This results in a lower tax bill than if they had been employees.
Employers are also not expected to pay contributions for self-employed workers.
Will self-employed be affected by IR35 changes?
According to the government, IR35 would not concern those who work as legitimate freelancers.
Instead, it is primarily aimed at contractors who create a Personal Service Company (PSC) and use it for their business. Some contractors will employ their clients and compensate the PSC, which will then pay the contractor.HMRC argues that some of these contractors should be considered employers and therefore incur the same rate of tax.
Small business exemption to the new IR35 rules
The Exemption, as defined by the Companies Act 2006 to the new IR35 rules for Small businesses should meet two or more criteria:
- Annual turnover should be under £10.2 million
- The Balance sheet total must be under 5.1 million
- The number of employees should be under 50.
If the end client satisfies two or more of these requirements, the responsibility for deciding the IR35 status of the assignment rests with the PSC, the amendments do not apply.
Check your employment status
Next, there would need to be a review of the contractor's employees and an audit carried out to assess the status of existing contractors operating under PSCs. This can be done by using the most common tool HMRC's CEST (Check Employment Status for Tax) for the status determination of whether someone is a “deemed employee” or not. Depending on the provided information, the HMRC will accept the CEST determination. Organizations should also educate their employees to understand the incoming developments and why they are so relevant to the company. The clients should take time to assess the real expense to their company of the possible increased payroll pressure. The additional cost of tax liability may show that too many contractors are not economically feasible under the new regulations. Alternatively, it can result in a simpler change by which clients treat workers as independent workforce rather than employees.
Conclusion & Our Experts' Advice for Contractors;
From 6 April 2021 onwards, if a contractor delivering services through a PSC is a "deemed employee" for tax purposes, the fee would have to be processed through payroll. This would cause an imminent financial effect – the payment of 13.8% of the employer's National Insurance Premiums and 0.5% of the apprenticeship tax in addition to the payment to the PSC.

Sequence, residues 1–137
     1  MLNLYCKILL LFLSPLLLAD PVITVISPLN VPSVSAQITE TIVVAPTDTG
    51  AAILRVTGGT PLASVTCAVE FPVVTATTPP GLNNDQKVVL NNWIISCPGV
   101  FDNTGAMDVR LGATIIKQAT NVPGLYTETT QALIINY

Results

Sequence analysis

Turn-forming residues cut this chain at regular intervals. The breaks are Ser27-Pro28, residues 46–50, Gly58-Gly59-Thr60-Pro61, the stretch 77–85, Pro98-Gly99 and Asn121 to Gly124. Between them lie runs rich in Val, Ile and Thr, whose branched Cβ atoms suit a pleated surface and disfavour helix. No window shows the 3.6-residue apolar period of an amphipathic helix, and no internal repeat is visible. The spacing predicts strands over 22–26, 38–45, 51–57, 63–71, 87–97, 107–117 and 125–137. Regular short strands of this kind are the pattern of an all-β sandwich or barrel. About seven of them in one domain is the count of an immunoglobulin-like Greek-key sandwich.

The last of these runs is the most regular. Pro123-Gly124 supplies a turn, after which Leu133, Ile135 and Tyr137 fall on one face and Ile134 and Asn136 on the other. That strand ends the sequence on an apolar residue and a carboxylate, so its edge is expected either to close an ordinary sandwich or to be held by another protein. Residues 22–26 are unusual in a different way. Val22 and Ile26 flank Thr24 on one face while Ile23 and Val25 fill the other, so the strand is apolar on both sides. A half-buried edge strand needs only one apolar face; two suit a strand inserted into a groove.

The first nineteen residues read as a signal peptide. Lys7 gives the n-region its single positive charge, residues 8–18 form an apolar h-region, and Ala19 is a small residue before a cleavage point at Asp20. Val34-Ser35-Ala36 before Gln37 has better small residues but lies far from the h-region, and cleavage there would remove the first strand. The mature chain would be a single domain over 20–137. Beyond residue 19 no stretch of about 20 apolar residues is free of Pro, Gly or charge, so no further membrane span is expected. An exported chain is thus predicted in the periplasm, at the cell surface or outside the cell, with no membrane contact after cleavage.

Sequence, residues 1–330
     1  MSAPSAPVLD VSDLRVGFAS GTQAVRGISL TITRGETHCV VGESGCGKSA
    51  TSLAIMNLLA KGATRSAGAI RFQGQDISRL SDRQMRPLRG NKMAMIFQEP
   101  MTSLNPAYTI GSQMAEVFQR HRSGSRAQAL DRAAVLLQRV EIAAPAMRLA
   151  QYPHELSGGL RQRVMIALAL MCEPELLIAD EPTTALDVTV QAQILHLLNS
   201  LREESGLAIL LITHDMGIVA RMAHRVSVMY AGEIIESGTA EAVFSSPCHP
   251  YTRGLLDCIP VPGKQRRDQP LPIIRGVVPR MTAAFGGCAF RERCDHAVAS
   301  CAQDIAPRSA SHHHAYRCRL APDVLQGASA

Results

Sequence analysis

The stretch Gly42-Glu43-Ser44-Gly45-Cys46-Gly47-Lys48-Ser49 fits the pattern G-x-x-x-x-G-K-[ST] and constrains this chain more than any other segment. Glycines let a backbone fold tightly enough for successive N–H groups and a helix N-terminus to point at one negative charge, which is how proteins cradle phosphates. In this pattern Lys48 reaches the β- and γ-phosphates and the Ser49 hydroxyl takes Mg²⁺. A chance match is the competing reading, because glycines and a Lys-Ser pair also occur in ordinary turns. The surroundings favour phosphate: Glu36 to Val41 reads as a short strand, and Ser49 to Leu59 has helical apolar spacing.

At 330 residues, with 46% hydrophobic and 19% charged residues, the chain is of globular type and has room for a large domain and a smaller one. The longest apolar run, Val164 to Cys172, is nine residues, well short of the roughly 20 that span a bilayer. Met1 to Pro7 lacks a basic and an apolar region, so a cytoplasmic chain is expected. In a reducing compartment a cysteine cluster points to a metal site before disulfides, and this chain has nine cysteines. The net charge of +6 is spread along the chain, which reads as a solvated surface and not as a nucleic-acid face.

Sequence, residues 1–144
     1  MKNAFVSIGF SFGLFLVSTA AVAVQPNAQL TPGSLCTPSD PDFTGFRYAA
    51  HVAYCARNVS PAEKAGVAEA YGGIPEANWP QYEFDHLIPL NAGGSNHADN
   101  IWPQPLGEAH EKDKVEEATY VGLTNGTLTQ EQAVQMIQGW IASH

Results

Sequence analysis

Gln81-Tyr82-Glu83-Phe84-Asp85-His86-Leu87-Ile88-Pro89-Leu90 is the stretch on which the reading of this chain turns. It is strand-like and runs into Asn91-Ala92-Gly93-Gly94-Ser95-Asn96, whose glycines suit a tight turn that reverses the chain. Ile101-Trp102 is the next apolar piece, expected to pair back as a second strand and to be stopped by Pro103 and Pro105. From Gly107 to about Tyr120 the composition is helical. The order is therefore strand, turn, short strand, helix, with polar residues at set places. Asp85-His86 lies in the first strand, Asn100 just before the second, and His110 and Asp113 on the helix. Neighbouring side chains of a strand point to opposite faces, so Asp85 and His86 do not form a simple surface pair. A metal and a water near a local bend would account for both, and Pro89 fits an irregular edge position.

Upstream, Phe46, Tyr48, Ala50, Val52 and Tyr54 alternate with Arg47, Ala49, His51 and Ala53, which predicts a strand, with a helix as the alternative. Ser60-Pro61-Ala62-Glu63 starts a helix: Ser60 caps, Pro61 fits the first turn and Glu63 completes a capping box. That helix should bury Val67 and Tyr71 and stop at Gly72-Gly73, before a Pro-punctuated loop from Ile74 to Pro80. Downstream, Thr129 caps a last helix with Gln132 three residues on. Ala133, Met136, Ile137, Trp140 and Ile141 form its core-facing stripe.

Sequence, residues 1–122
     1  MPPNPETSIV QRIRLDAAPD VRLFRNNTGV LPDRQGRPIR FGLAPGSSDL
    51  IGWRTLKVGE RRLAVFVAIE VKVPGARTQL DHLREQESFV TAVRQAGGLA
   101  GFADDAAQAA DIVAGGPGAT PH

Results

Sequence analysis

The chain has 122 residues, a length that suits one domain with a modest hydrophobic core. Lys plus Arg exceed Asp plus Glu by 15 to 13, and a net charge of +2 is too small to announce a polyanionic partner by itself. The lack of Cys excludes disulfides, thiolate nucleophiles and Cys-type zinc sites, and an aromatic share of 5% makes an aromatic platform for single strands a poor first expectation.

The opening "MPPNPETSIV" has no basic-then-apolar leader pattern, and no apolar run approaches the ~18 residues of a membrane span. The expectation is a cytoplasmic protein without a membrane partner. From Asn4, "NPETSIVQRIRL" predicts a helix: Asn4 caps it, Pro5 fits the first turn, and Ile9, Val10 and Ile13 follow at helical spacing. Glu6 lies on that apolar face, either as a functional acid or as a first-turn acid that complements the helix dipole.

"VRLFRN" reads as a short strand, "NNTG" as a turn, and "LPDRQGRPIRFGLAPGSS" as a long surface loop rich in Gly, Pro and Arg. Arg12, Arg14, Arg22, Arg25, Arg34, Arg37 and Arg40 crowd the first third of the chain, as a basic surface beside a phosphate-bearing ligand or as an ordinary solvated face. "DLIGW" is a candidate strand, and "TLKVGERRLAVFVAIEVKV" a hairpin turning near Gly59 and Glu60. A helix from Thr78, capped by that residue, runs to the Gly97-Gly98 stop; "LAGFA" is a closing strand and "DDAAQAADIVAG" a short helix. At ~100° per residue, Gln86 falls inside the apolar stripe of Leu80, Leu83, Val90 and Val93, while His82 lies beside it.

This is likely to trigger new trade agreements between contractors/PSCs and clients. Contractors will not want to risk profits and consumers will not want to pay maximum expenses in comparison to the original fee. Failure to delegate responsibility would automatically mean that the responsibility rests with the company paying the invoice to the PSC – it could be the client or the group down the supply chain. HMRC developed the CEST method after initial feedback as it was not adequately precise. Many organizations have assured that they expect it will improve. In certain cases, however, the findings provided by CEST are accurate, if not appealing to either the contractor or the company due to the increased costs. We suggest that the parties sincerely apply their minds to improve the way projects are implemented and determine who bears the risk/requirement to execute the project if they wish to ensure a clean CEST health bill. You (clients) should take time to understand the potential additional payroll pressure on your company as true costs. The added expense of tax liability may show that too many contractors are not economically feasible under the new regulations. Alternatively, it can result in a simpler change by which clients treat contractors as independent workforce rather than employees.